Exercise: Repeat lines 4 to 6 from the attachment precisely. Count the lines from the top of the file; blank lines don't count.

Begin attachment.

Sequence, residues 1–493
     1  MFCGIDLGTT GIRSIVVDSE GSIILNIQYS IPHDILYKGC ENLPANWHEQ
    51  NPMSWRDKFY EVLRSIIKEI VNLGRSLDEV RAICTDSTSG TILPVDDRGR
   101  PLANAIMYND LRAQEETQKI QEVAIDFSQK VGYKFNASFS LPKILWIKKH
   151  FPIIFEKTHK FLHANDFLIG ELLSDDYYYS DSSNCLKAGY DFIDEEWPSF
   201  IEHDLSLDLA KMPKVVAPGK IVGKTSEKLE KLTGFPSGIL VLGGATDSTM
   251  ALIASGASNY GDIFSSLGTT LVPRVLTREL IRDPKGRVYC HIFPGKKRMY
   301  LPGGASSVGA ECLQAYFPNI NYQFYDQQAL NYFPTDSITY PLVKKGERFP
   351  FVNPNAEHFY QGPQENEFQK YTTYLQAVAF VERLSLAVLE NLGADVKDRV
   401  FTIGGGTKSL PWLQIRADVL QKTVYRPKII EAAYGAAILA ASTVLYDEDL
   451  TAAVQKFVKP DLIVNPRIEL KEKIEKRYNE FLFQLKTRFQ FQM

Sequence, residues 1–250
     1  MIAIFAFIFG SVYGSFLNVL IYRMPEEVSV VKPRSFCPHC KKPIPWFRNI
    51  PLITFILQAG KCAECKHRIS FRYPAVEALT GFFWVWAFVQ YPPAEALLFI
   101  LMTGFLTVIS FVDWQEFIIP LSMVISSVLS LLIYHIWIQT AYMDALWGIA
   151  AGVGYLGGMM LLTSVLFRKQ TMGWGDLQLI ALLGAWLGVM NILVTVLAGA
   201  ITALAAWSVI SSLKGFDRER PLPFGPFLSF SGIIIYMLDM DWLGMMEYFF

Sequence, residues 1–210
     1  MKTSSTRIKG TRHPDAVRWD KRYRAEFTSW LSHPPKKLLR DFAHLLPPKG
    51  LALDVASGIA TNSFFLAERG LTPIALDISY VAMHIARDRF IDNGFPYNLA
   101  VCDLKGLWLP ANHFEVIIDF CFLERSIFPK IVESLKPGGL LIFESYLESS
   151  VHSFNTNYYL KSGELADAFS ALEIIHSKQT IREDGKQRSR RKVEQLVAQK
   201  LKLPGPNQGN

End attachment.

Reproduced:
   101  PLANAIMYND LRAQEETQKI QEVAIDFSQK VGYKFNASFS LPKILWIKKH
   151  FPIIFEKTHK FLHANDFLIG ELLSDDYYYS DSSNCLKAGY DFIDEEWPSF
   201  IEHDLSLDLA KMPKVVAPGK IVGKTSEKLE KLTGFPSGIL VLGGATDSTM